create spikegen /cell/soma/spike
setfield /cell/soma/spike thresh 0 abs_refract 0.010 output_amp 1
/* use the soma membrane potential to drive the spike generator */
addmsg /cell/soma /cell/soma/spike INPUT Vm
/* make an excitatory connection to cell2 */
addmsg /cell/soma/spike /cell2/dend/Ex_channel SPIKE
setfield /cell2/dend/Ex_channel synapse[0].weight 10 synapse[0].delay 0.005

Networks of cells are created by making copies of a prototype cell. This can be done individually:

copy /library/pyr_cell /cortex/cell[5]   // copy a prototype cell

or large arrays can be constructed with the createmap command:

// Make two arrays of cells cell[0] through cell[nx*ny-1]
createmap /proto/cell /lgn {nx} {ny} -delta {dx} {dy}
createmap /proto/cell /v1 {destx} {desty} -delta {dx} {dy}

GENESIS also has commands to set up connections between an array of cells:

// Make connections from the LGN to the V1 cells in a certain region
planarconnect /lgn/cell[]/spike /v1/cell[]/glu -relative \
-sourcemask box -1 -1 1 1 \
-destmask box {-dx * 2.4} {-dy * 0.6} {dx * 2.4} {dy * 0.6}

// Use a file to specify the connections
fileconnect /lgn/##[TYPE=spikegen] /v1/cell[]/glu conn.wts – wtscale 0.01

The GENESIS Modeling Tutorial section on Creating large networks with GENESIS (see Beeman 2005 , this volume) illustrates the steps leading up to a simulation of a grid of simplified neocortical regular spiking pyramidal cells, each one coupled with excitatory synaptic connections to its four nearest neighbors. This might model the connections due to local association fibers in a cortical network. The example simulation, in the networks/RSnet directory, was designed to be easily modified to allow you to use other cell models, implement other patterns of connectivity, or to augment with a population of inhibitory interneurons and the several other types of connections in a cortical network. When you run RSnet.g with the default parameters, you will see something like the display shown in Figs. 16 and 17:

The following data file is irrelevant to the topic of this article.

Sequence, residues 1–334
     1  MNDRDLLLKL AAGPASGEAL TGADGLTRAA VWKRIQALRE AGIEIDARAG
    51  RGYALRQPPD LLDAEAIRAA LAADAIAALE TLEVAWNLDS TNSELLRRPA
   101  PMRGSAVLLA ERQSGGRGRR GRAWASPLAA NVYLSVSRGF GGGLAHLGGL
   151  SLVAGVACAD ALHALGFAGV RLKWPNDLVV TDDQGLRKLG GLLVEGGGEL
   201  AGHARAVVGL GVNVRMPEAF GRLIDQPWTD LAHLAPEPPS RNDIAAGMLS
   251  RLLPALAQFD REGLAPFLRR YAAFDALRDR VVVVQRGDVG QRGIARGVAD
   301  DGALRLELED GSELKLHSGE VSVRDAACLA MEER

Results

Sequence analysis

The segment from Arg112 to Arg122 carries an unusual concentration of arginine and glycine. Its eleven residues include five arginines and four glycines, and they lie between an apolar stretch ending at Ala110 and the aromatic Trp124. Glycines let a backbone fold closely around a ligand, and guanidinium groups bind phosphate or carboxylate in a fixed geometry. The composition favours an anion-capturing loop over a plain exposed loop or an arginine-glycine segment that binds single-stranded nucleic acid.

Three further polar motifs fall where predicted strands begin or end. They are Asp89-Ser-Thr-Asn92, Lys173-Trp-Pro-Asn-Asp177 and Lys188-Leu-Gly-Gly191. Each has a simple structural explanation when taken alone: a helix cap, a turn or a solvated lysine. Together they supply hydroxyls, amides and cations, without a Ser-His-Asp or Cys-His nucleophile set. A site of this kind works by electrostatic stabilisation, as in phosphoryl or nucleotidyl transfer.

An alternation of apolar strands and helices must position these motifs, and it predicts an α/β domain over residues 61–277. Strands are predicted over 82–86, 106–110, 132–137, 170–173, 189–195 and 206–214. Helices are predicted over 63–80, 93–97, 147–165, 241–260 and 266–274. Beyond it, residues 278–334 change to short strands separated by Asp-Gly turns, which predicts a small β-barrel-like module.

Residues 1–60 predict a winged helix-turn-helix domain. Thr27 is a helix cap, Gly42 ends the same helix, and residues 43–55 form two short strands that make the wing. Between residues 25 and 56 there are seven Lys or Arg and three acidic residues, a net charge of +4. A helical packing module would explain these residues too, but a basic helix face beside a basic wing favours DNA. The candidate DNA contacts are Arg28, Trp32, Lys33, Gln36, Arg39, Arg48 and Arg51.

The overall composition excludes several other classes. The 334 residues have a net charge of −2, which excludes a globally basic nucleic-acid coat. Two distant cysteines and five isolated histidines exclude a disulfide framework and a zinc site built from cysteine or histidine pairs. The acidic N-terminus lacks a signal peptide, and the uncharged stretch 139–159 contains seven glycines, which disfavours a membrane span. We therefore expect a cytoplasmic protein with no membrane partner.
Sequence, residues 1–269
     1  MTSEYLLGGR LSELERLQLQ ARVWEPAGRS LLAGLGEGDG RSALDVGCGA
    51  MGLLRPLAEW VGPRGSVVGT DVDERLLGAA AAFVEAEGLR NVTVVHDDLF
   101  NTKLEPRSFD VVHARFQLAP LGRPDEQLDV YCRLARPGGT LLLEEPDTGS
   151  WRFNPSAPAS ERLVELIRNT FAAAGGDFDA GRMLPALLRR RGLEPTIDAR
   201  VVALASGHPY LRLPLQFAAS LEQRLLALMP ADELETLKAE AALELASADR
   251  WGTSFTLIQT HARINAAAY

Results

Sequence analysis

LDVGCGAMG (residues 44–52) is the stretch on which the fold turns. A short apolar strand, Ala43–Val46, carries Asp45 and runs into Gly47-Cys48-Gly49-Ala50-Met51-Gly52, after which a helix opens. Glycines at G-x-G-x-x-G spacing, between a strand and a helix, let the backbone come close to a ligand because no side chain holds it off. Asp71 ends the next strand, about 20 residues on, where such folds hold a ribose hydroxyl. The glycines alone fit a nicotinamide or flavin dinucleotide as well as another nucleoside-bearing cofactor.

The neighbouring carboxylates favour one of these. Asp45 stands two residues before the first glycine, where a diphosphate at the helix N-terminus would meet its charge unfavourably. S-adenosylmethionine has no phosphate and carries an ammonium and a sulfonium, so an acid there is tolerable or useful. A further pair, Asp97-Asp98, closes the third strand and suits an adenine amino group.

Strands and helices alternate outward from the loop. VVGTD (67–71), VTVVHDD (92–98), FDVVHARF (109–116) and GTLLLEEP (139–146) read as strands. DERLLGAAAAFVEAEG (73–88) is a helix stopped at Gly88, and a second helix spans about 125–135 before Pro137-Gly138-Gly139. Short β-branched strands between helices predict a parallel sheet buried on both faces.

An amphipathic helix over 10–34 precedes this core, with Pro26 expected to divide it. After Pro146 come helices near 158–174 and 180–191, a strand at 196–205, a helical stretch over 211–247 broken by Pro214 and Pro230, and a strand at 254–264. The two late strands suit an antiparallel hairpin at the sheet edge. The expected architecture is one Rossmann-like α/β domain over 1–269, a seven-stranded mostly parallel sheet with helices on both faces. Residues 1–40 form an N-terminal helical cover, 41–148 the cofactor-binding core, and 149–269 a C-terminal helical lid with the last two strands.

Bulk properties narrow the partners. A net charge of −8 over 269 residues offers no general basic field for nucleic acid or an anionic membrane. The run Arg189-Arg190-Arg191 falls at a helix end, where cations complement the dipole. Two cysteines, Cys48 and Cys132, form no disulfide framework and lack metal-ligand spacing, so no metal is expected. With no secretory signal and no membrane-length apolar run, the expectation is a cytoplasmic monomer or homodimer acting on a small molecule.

Figure 16: The RSnet simulation control panel (left) and the plot of membrane potentiial of cells at the center, right edge, and lower left corner of the network (right).

This animated image shows repeating sequences from the view widget that represents the membrane potentials for each of the cells in the network, using a cold to hot color scale. Here, you can see propagating waves of action potentials.

Figure 17: Animated display of the membrane potential in each cell of the network.

If you would like to try running some GENESIS demos and tutorials, there is information to help you get started in the README file for your installation of GENESIS. To create your own GENESIS simulations, see the GENESIS Modeling Tutorial ( Beeman 2005 , this volume).

Appendix: Screenshots

Screenshot 1: The Cell Display for the Purkinje cell tutorial